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One Identity Safeguard for Privileged Sessions 5.9.0 - Administration Guide

Preface Introduction The concepts of SPS The Welcome Wizard and the first login Basic settings User management and access control Managing SPS
Controlling SPS: reboot, shutdown Managing Safeguard for Privileged Sessions clusters Managing a high availability SPS cluster Upgrading SPS Managing the SPS license Accessing the SPS console Sealed mode Out-of-band management of SPS Managing the certificates used on SPS
General connection settings HTTP-specific settings ICA-specific settings RDP-specific settings SSH-specific settings Telnet-specific settings VMware Horizon View connections VNC-specific settings Indexing audit trails Using the Search (classic) interface Using the Search interface Searching session data on a central node in a cluster Advanced authentication and authorization techniques Reports The SPS RPC API The SPS REST API SPS scenarios Troubleshooting SPS Configuring external devices Using SCP with agent-forwarding Security checklist for configuring SPS Jumplists for in-product help Third-party contributions About us

Customize system logging in SPS

SPS uses the syslog-ng Open Source Edition application (version 3.9) for system logging. Starting with SPS 5 LTS, you can customize its configuration to better integrate SPS into your logging infrastructure. If you are not familiar with syslog-ng Open Source Edition, read how syslog-ng OSE works. Customizing the configuration of syslog-ng Open Source Edition allows you to better integrate the log messages of SPS into your environment, for example, to:

  • change the message format or rename message fields,

  • send the messages to multiple logservers or SIEMs, or to

  • select (filter) which messages to send to your logserver.


Note that not every feature described in the syslog-ng Open Source Edition documentation is available on SPS. Typically, features that are only rarely used on logging clients are not available, for example, Java-based destinations like HDFS and Elasticsearch. For a detailed list of available modules, execute the syslog-ng --module-registry command.

Customize the syslog-ng configuration

Do not change the syslog configuration of SPS unless you know exactly what you are doing. Incorrect changes can decrease the performance of SPS, disable system logging, or cause message loss. In particular, note the following points:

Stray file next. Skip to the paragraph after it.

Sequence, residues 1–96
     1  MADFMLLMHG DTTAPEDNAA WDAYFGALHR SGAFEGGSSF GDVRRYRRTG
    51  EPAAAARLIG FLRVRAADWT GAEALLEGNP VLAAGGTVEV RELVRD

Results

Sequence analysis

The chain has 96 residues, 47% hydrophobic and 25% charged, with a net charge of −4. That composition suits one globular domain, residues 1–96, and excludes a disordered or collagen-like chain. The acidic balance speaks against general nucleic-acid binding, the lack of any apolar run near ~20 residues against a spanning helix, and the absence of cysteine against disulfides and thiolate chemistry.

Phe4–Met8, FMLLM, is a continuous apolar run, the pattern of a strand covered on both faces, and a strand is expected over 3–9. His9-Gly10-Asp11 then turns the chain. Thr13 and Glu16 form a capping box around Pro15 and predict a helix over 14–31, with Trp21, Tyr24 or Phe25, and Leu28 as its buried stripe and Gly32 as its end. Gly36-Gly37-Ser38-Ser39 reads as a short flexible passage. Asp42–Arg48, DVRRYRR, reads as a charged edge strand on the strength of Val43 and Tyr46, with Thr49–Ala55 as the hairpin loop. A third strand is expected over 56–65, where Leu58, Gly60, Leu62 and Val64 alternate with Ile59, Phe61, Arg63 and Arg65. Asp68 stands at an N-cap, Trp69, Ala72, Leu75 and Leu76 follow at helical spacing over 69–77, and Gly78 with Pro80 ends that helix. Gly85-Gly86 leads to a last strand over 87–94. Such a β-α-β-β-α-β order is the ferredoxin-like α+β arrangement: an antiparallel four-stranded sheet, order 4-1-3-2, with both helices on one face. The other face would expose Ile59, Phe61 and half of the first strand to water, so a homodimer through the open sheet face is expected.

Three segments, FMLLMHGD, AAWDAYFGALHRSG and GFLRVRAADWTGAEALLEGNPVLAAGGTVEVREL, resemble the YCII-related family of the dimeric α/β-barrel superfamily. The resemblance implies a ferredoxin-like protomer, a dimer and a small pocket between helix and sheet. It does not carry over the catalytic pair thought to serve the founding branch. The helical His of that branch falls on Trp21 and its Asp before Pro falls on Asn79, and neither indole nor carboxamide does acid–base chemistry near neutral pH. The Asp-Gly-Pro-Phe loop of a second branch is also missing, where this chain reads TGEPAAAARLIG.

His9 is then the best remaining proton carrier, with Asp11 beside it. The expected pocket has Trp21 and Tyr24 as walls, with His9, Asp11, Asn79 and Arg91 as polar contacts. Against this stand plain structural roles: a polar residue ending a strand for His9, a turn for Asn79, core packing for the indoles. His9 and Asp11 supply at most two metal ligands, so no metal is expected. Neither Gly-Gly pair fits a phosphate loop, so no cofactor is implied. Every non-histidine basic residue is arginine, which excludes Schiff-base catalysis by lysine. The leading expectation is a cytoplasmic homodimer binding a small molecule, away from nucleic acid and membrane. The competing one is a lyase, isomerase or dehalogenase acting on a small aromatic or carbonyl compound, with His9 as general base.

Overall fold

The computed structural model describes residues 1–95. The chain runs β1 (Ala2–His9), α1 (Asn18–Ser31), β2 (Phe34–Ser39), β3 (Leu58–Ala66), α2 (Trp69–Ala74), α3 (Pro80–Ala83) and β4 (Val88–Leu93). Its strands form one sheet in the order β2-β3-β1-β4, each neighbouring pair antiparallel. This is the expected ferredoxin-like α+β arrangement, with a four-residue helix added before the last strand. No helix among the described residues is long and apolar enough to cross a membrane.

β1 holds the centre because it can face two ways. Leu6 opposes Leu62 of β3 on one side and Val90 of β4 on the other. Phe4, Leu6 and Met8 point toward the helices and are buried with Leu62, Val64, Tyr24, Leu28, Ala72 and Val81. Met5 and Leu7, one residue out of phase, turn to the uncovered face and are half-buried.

1. Create a SPS configuration snippet in a file. Make sure that the filename ends with .conf. Note that syslog-ng OSE uses the configuration objects defined in these files only if they are used in a log path as well, so make sure to include a log path.

    Do not loop messages. That is, make sure that the a destination does not send a message back to the original source of the message (doing so would cause an infinite loop).

  2. Copy it to the /etc/syslog-ng/conf.d/ directory of the core firmware. (If you are using a high-availability SPS cluster, SPS automatically copies the file to the secondary node as well.)

    Files located in this directory do not cause the SPS configuration to be tainted. SPS automatically includes these files in the configuration of syslog-ng Open Source Edition.

    Do not modify the original configuration files (for example, /etc/syslog-ng/syslog-ng.conf or /etc/syslog-ng/conf.d/message-queue-client.conf).

  3. Verify that the resulting syslog-ng OSE configuration file is syntactically valid. The configuration is valid if executing the following command does not show any syntax errors: syslog-ng --syntax-only --no-caps

  4. Your changes will take effect only after you reload the configuration of syslog-ng Open Source Edition using the following command: syslog-ng-ctl reload

    If there are any errors in the configuration, SPS keeps on using the earlier configuration. In this case, correct the configuration, because if SPS reboots while the syslog-ng OSE configuration is invalid, SPS will not be able to log messages.

Available sources

You can use the following sources in your custom configuration. These sources are defined in the stock configuration file of syslog-ng OSE, and are in regular syslog message format (except for s_message_queue_client).

  • s_core_journal: Logs of the SPS host, including log messages about the audited sessions.